Thought for the Day - Rev Dr Michael Banner - 21/03/2013
Later today the new Archbishop of Canterbury will be enthroned. It sounds rather grand – and his being placed in the ancient chair of St. Augustine will be a highpoint in a solemn occasion. But the Archbishop probably won’t and oughtn’t to feel too comfortable on this throne. In the first place, it is a rather austere stone model – quite unlike the sumptuous velvet thrones of fairy stories, Disneyland and the Houses of Parliament. More importantly, he will know that the throne is, allegedly, constructed from bits and pieces of the dismantled shrine of that most celebrated of Archbishops, St. Thomas à Becket, who died nearby. And just to underline the point that this can be a very uncomfortable seat indeed, today is the anniversary of the burning at the stake some 450 years ago of another of his predecessors who didn’t die in his bed, Thomas Cranmer.
The origins of seating a Bishop on a throne go back via the Roman empire to the New Testament and behind that to the Old Testament. In the Gospels, Jesus tells the twelve apostles that they will, in his kingdom, sit on thrones judging the twelve tribes of Israel. The thrones are seats of judgment – and it is on that sort of throne that Bishops and Archbishops are placed.
And herein lies the rub. To exercise judgment means to be ready to question the status quo. It means discriminating between what is merely expedient and what is right; it requires listening not to fashion or to markets or even to popular opinion (whether outside or inside the Church), but to the demands of what is good and true. And we need such judgment, since the political and social life of any nation will be something more and better than a clash of interests, settled by the weight of naked power, only insofar as that life answers to the claims of justice. A judge has no business being winning or making friends – and the best of those who have occupied the seat of judgment at Canterbury have often, instead, made some pretty powerful enemies, particularly in Westminster.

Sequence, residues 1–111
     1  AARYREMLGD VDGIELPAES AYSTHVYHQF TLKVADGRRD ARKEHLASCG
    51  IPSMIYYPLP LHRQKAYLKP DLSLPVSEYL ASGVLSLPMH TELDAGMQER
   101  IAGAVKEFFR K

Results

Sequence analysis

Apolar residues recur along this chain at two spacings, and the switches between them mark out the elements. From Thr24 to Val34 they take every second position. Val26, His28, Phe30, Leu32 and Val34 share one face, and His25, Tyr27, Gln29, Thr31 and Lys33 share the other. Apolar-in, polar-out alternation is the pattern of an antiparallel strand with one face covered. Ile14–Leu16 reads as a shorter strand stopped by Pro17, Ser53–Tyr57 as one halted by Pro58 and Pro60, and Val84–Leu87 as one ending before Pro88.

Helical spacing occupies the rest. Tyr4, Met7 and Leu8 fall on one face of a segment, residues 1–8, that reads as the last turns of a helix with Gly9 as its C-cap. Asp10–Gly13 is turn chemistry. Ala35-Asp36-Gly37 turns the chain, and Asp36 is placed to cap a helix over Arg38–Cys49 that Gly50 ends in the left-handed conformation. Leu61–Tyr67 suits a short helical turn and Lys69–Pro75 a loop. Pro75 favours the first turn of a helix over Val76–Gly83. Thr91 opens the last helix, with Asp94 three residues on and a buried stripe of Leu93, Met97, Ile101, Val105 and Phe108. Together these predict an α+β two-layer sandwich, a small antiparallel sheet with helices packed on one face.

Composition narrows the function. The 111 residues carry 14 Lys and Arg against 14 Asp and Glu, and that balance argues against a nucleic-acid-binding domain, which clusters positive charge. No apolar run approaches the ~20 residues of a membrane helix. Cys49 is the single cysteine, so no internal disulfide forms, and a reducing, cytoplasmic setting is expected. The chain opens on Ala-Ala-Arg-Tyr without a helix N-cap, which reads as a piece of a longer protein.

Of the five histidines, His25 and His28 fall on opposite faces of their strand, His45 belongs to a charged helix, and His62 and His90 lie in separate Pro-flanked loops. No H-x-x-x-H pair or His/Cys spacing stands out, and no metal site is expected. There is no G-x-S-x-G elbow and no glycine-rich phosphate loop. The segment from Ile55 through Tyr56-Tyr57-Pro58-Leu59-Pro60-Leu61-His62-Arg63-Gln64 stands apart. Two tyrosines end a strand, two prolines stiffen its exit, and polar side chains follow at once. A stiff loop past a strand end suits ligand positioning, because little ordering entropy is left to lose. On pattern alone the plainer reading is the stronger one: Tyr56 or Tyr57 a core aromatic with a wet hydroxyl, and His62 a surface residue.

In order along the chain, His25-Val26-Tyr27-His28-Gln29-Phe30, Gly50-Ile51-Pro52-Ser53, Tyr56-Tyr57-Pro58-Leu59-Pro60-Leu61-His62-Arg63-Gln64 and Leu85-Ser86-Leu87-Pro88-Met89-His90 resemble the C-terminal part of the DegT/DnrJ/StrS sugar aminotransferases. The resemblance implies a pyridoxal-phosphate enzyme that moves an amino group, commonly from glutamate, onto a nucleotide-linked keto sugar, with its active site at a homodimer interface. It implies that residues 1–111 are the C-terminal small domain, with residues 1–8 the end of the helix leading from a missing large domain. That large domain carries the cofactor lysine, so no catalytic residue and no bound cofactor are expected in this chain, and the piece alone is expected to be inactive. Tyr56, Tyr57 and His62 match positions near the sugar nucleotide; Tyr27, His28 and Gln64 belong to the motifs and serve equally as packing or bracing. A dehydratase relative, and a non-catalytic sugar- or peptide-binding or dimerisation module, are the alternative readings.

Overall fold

The Archbishop has a very full in-tray, and some of its contents have to do with what he has referred to as the ‘failings of the church’ – and they must be addressed. But important as those may be, the Archbishop has a responsibility to speak to wider national matters, and especially on behalf of those whose voices are not backed by power and influence. For instance - 12 years ago, the Home Office’s then Director of Prisons condemned ‘the immorality of our treatment of some prisoners and the degradation of some establishments’. Yesterday, Her Majesty’s Inspectorate of Prisons reported on the case of two disabled prisoners at Winchester confined in their cells for 23 and a half hours a day, and with no easy access to washing facilities. The new Archbishop will be enthroned today with the duty and privilege of speaking for such as these – may he do so as courageously as his greatest predecessors.